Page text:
Illinois has stopped using an alternative mathematics and reading test for English-language learners because state officials haven’t been able to persuade the U.S. Department of Education that the test is comparable to the state’s regular tests.
The Illinois Measure of Annual Growth in English, or IMAGE, uses simplified English to test ELLs in math and reading. Illinois developed the language arts part of the test in 1996 and several years later added the math part.
Matthew Vanover, a spokesman for the Illinois board of education, said the state will eventually develop another alternative test for Illinois’ 36,000 English-learners but, in the meantime, they will take regular state tests with accommodations.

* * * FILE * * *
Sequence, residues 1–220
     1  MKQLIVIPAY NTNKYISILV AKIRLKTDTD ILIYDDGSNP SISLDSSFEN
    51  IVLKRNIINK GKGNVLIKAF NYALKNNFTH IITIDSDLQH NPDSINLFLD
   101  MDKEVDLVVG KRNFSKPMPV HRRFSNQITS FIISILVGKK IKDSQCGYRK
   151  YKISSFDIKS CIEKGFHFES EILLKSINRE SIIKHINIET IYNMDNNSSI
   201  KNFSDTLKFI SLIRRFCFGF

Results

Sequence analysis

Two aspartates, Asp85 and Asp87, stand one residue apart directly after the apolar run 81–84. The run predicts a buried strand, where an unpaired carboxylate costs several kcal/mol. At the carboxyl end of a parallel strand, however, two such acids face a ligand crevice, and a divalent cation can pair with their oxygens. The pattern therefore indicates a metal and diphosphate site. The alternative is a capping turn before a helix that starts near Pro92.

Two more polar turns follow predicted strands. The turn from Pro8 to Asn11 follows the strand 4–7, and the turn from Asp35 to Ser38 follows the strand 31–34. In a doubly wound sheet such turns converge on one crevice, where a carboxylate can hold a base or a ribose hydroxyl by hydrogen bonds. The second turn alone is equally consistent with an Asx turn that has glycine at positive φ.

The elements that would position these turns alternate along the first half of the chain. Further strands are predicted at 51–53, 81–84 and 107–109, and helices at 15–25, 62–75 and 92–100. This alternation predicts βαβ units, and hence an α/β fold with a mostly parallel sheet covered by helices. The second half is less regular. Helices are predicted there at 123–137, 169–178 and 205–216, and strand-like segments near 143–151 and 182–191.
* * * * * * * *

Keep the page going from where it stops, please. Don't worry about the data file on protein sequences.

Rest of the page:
Several other states—including Arkansas and Wisconsin—stopped using their alternative tests for ELLs after they ran into issues in showing the federal government that the tests were comparable to regular tests. At the same time, the Education Department has approved such tests in North Carolina and Virginia.
Click here for a message from Illinois Superintendent Christopher A. Koch, on the fate of the IMAGE test, that he sent to educators in his state.
A version of this news article first appeared in the Learning the Language blog.